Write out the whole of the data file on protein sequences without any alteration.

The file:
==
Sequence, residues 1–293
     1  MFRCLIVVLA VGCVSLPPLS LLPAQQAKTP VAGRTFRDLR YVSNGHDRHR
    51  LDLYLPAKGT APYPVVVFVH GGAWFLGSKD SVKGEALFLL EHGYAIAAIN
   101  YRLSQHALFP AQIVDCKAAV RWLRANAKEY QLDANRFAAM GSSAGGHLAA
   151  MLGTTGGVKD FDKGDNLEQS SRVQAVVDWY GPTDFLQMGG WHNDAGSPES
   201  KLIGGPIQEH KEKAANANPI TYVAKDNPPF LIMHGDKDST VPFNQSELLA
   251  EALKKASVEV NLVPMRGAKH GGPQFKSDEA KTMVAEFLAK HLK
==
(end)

Sequence, residues 1–293
     1  MFRCLIVVLA VGCVSLPPLS LLPAQQAKTP VAGRTFRDLR YVSNGHDRHR
    51  LDLYLPAKGT APYPVVVFVH GGAWFLGSKD SVKGEALFLL EHGYAIAAIN
   101  YRLSQHALFP AQIVDCKAAV RWLRANAKEY QLDANRFAAM GSSAGGHLAA
   151  MLGTTGGVKD FDKGDNLEQS SRVQAVVDWY GPTDFLQMGG WHNDAGSPES
   201  KLIGGPIQEH KEKAANANPI TYVAKDNPPF LIMHGDKDST VPFNQSELLA
   251  EALKKASVEV NLVPMRGAKH GGPQFKSDEA KTMVAEFLAK HLK